PR Practice #4: COMMS Organizer Chart of Responsibilities

It’s official … Social Media and Public Relations: Eight New Practices for the PR Professional is here!  My book is available (a littler earlier than I expected) in a print (paperback version) and all digital formats.  However, what you won’t find in the book is some of the content I’m sharing in this blog series.  These are the charts and even parts of chapters that were cut at the last minute, during the final production process.  To continue with my series, today’s post discusses the chart, which would have appeared in the chapter on PR Practice #4 (The COMMS Organizer).  The COMMS organizer has an extremely important role, and, as I stated in my book, it takes a “… proactive PR person or team of communications professionals to identify and uproot a long and tired process, and literally flip it upside down.”

You can see from the wheel visual that there are several new roles and responsibilities for you to learn as the COMMS Organizer in your own company.  It’s up to you to embrace a new process first, and then educate your peers on a more collaborative approach to creating communication and then sharing it as a unified team.  Most of all, the COMMS organizer knows there are changes in communication that must be addressed internally for better sharing and engagement with the public.

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As a COMMS Organizer, now, it’s your responsibility to make sure your stakeholders are pulling information from the organization. To accomplish this goal, internally you must create tools and channels to share, and collaborate and integrate with the efforts of your peers. Externally, you’re creating new types of stories and curating content through different channels.  Here’s how the responsibilities break down in your new practice:

Set up a Customer Intelligence System

Your social media program begins with Listening or keyword tracking to gain customer and market intelligence.  PR and marketing are responsible for monitoring the brand and market landscape and reporting back to the C-Suite.  Setting up a customer intelligence system requires information to reach various departments in the organization (beyond communications) that use social media for their own programs. It’s important to turn the listening intelligence on for all areas active in social media and then determine how your Listen/ Evaluate/Response strategy will lead to closing the gap between what you share and what the public needs.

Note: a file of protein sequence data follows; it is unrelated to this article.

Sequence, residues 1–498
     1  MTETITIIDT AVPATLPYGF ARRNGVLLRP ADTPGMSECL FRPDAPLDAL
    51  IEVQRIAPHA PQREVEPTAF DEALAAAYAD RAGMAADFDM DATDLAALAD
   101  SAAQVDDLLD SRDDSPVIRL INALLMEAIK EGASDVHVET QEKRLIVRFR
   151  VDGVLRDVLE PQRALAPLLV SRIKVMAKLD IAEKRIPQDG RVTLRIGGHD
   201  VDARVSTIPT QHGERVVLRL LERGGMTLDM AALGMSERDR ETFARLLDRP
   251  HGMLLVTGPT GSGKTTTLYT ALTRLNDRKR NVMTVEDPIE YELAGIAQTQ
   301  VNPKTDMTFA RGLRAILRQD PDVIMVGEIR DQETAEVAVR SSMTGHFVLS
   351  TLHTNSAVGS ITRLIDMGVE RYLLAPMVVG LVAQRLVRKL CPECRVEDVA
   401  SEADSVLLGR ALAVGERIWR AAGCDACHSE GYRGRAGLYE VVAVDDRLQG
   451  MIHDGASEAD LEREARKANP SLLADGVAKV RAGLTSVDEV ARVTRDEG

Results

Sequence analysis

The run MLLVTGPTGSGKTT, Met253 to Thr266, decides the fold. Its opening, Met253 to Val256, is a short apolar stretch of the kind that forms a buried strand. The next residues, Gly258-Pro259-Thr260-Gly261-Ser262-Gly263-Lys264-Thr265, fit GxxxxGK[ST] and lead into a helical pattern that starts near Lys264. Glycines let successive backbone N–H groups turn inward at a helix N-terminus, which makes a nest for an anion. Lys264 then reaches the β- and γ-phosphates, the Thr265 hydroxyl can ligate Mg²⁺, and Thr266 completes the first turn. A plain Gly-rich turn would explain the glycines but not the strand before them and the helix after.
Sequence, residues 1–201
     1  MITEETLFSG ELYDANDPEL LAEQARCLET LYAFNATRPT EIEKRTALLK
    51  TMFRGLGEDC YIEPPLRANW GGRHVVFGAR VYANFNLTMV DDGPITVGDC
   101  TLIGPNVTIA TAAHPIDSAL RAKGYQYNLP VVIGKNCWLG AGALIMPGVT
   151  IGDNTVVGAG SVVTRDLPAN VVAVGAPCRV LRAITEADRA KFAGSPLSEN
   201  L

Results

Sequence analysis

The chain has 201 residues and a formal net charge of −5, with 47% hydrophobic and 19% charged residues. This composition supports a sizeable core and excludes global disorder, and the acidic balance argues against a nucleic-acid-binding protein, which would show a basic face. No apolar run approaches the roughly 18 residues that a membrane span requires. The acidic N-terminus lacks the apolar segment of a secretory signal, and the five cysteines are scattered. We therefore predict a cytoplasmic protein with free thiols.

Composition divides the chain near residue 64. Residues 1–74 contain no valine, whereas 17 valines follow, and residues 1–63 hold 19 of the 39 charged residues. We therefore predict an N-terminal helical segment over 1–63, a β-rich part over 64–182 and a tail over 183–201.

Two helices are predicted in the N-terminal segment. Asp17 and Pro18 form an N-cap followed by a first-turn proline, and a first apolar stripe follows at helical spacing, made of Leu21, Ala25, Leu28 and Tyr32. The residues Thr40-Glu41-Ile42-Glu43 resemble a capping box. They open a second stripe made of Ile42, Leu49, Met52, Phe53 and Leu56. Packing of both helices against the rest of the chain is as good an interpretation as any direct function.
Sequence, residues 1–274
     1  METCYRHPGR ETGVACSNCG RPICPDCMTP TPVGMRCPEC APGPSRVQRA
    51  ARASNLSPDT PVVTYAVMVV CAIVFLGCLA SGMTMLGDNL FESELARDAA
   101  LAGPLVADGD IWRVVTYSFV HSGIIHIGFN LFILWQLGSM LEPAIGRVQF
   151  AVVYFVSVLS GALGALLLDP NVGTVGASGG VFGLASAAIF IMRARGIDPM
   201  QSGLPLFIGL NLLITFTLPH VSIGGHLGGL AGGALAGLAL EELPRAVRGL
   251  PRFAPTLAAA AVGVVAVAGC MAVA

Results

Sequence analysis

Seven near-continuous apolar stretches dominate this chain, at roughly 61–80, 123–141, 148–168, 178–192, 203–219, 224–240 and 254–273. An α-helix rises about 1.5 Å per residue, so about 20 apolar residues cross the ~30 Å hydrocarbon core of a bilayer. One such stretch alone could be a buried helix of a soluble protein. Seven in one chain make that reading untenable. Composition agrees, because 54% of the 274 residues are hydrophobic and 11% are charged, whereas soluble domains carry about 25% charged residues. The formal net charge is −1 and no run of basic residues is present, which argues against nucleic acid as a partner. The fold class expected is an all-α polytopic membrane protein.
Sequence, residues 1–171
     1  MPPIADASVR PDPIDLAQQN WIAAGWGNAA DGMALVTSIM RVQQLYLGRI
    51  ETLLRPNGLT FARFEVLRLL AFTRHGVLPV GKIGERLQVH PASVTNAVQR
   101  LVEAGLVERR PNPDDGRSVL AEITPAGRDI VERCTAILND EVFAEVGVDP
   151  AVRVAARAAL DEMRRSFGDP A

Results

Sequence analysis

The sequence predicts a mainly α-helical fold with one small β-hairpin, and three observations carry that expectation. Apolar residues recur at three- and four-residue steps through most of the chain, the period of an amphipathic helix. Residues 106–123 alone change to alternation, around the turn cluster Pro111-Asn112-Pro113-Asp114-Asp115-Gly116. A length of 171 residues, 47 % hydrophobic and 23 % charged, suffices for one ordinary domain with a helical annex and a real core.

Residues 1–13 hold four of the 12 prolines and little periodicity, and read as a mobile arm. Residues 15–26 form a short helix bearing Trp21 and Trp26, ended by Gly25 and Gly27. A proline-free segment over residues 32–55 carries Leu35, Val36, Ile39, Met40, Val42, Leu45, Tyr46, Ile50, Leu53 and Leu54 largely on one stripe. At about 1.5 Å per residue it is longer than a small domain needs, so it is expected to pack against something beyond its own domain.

Build a Two Prong Content Approach

You can “Listen” or track keywords to uncover conversation, which leads to the creation of compelling content or the use of existing content (tweaked for social media channels).  With either prong in the approach, information must be shared with meaning and reflect proper timing.  In PR, we time our news and develop story angles often tying into local, regional or national news.  Social media requires us to still listen to the news media, as well as quite a bit of daily community listening.  Community conversations will also offer great ideas on what, how and when to share your content.

Focus on Department Sharing

When your team is aligned and on the same page with respect to a communications effort, the result is better external sharing with public. A departmental content calendar let’s the your team or department know what’s going to be shared, where it’s supposed to be shared and the timing of the distribution.  These calendars are simple to construct.  You can frame when and what should be shared on a spreadsheet (use an editable document on your shared internal platform) to include the timeframe for your initiative, and then the breakdown your social media profiles. Teams often use separate line items to identify what will be shared each day of the week through their social media channels.